Women and American Religion
An old African-American churchgoers' saying rings true for most religious denominations in the United States: Women are the backbone of the church. For centuries, women have been the majority of members in almost all religious groups. They provide essential financial and social support and work tirelessly in the background of all church-based activities. Yet it is largely men who occupy the high rungs of church hierarchy, and they are the ones who get most of the credit. Ann Braude examines the important role of women in American religious history, focusing on their recent admission to public religious leadership and their fight for equal rights and recognition through the centuries. Both noted and little known women--such as Margaret Winthrop, Jarena Lee, Mary Baker Eddy, Henrietta Szold, Aimee Semple McPherson, and Mary Daly--spring to life in the pages of this thorough, passionate book.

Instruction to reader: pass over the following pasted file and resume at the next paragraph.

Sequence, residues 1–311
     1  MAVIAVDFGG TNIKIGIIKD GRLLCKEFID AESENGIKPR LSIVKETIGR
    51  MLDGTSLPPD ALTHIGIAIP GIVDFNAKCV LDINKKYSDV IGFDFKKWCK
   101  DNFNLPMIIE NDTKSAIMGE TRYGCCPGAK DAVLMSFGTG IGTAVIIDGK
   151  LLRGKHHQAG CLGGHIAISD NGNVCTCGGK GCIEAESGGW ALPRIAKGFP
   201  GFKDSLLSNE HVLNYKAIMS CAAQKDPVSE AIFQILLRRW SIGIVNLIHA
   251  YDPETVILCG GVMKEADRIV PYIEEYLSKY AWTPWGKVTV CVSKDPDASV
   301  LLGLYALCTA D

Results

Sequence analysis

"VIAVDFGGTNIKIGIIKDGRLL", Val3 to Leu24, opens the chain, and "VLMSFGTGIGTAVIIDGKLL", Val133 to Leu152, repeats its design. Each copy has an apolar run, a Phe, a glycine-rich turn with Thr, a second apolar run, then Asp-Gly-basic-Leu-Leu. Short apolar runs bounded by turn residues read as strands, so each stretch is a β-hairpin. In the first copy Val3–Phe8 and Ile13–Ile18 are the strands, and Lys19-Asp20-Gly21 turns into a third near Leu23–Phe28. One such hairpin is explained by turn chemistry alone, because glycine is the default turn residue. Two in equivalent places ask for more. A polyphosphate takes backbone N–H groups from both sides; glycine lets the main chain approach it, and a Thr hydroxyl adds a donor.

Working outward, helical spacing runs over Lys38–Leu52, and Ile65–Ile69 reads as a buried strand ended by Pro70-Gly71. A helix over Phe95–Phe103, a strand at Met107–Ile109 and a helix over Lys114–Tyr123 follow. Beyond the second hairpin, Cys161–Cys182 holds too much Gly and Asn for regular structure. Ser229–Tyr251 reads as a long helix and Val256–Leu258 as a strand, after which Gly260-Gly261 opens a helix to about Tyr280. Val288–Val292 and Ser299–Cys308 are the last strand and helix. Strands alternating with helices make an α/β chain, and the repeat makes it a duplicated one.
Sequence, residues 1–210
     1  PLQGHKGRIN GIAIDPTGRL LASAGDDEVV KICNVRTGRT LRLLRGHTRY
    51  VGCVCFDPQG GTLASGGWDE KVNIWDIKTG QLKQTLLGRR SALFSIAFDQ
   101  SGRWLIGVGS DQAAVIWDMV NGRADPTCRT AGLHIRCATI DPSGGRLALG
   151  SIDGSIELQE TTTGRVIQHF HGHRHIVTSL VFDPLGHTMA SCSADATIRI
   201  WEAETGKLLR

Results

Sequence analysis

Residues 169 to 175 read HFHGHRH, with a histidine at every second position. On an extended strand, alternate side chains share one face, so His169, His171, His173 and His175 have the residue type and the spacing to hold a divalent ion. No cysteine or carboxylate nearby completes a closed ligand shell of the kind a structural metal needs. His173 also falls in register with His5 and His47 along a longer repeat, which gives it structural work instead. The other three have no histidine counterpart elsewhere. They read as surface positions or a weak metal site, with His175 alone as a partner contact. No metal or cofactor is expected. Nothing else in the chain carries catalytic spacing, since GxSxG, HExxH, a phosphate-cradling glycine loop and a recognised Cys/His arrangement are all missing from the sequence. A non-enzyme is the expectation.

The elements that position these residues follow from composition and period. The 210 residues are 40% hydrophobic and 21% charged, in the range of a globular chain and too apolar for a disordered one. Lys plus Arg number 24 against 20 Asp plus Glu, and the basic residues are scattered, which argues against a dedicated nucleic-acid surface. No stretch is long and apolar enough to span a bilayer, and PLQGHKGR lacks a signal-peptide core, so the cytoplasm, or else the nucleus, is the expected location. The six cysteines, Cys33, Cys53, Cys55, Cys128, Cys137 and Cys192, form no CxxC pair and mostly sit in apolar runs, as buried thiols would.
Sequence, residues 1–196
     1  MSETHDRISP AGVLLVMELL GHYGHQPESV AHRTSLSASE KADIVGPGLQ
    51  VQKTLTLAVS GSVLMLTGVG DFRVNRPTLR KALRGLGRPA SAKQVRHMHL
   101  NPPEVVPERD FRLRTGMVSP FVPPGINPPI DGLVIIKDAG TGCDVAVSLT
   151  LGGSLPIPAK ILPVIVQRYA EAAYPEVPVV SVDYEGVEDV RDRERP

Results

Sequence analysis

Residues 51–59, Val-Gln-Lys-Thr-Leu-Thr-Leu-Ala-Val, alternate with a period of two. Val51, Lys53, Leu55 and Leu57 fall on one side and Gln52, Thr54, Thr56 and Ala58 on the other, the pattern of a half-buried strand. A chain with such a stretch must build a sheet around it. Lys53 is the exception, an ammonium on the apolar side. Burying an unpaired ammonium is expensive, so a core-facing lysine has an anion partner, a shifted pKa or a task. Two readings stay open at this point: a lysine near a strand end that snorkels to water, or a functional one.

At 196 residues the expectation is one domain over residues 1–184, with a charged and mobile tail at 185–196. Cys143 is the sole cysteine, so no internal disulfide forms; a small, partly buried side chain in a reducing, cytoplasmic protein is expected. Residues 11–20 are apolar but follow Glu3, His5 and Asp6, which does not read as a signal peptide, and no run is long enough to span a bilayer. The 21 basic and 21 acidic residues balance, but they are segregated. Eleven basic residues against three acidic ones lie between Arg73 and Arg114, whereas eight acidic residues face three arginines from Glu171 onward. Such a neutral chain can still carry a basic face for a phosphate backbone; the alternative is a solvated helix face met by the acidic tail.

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In the 19th century , the largest immigrant groups were Irish Catholics and
Germans , who might be Catholic , Protestant , or Jewish . The turn of the century
saw large influxes of Catholics from Italy and Poland , Protestants from
After a temperance meeting in a local church , they marched in a group to one of
the town ' s 13 saloons . They entered the saloon , knelt on the floor , and began
to pray and sing hymns . When the owner asked them to leave , they refused to ...
About half of all American religious groups currently ordain women . This
includes most ... It seems likely that the number of women clergy will continue to
increase dramatically in those groups where it has been accepted . But the
country ' s ...
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WOMEN IN AMERICAN RELIGIONUser Review - Kirkus
A brisk, informative history of the myriad roles women have played in America's religious history. Braude (Harvard Divinity School) has difficult tasks in this slim, generously illustrated volume: to ... Read full review